The whole premise of impact investing and responsible investing that has been built over decades of work is that financial returns and our understanding of value is inextricably underpinned by the way we not only manage environmental liabilities, social licence to operate and governance issues like bribery and corruption, but also how we fundamentally place value on healthy ecosystems, human vitality and economic resilience.




We have an opportunity now with a sudden shock and stop to many patterns of behaviour to pause, reflect and re-set. We are thinking about this in terms of understanding what types of sectors and businesses are likely to be more resilient in a time of shock, and we think they are likely to be those that create value by solving our most pressing social and environmental problems and aligning with community needs and aspirations.


As we take some of the best learnings from this period of shock and adjustment, there are likely to be long-lasting changes in our patterns of working and living alongside the way in which we think about what matters or what we value. Without the healthcare workers, teachers and food supply chains, where are we? For that matter, without logistics companies to deliver goods like toilet paper to their retail outlets, where are we? What is it that we realise we value in a time of shock?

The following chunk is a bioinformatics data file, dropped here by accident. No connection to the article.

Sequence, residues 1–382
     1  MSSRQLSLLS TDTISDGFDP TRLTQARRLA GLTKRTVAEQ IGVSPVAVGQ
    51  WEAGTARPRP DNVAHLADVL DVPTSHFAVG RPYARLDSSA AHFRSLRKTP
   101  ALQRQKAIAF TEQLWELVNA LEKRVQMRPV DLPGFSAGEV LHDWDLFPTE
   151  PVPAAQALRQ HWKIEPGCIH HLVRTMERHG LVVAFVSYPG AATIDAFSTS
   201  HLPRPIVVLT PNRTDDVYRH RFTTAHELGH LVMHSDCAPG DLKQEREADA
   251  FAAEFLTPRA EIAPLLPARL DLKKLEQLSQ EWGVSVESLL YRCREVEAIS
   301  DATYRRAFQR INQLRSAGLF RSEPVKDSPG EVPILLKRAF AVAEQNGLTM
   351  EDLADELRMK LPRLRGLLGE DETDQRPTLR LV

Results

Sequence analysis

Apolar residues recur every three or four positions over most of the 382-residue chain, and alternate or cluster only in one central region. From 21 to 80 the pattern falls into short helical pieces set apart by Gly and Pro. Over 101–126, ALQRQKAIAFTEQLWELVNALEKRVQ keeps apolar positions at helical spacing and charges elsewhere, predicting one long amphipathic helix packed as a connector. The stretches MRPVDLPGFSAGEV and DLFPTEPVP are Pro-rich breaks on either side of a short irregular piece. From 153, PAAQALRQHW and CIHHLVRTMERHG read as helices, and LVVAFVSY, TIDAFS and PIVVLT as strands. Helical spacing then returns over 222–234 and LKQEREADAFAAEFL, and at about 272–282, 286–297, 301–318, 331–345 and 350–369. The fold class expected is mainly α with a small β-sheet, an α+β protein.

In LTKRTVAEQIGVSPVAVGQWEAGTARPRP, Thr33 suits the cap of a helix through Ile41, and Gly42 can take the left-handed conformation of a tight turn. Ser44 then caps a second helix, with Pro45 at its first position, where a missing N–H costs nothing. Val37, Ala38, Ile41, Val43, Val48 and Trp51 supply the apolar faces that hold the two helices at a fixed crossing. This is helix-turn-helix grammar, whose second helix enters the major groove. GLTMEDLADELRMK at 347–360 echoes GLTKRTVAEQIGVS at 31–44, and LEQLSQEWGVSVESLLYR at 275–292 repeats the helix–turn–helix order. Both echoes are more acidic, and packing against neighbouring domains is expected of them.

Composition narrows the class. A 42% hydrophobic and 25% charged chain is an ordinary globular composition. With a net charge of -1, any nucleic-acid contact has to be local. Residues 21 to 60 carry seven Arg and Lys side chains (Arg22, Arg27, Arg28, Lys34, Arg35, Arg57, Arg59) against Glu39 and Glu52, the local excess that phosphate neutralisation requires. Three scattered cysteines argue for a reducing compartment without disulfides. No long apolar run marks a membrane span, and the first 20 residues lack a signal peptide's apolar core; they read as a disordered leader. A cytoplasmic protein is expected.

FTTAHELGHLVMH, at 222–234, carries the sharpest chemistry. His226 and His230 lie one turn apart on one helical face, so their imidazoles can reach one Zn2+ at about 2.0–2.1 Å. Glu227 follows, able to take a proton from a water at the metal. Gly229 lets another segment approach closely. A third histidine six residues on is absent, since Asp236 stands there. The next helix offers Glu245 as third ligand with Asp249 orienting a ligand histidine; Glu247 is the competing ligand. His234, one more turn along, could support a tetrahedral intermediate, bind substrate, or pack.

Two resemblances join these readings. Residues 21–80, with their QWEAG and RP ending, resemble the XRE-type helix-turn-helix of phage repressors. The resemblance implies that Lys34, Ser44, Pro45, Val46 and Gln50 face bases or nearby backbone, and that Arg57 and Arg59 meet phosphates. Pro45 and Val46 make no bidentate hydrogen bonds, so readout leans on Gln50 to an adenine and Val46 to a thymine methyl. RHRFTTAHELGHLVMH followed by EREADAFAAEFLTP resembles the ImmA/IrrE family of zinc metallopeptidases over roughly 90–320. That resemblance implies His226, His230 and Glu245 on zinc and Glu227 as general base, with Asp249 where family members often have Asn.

We need shelter, food and water… And we need to invest in the health and resilience of the systems that deliver us shelter, food and water.


We need to feel connected, even when social distancing. How do we think about this fundamental need to love and be loved and connected and care for one another? And how do we think about the value of care and connection?


And when those needs are met, how do we ensure we have space and means to reflect, create, innovate, think, change, build.


Each of these layers of need present opportunities to think about societal well-being and environmental health and how those intersect with investable opportunities going forward. Given our work in thinking through how finance and investment has a role to play in driving more positive impacts for people and the planet, we think this is exactly the right time to influence what role capital has to play in reinforcing what we value. As the pandemic and economic shock has shown, we are as vulnerable as the most vulnerable in our societies, with different levels of ability to shelter from and respond to the effects. Some of us are in the position to seek investable opportunities with impact.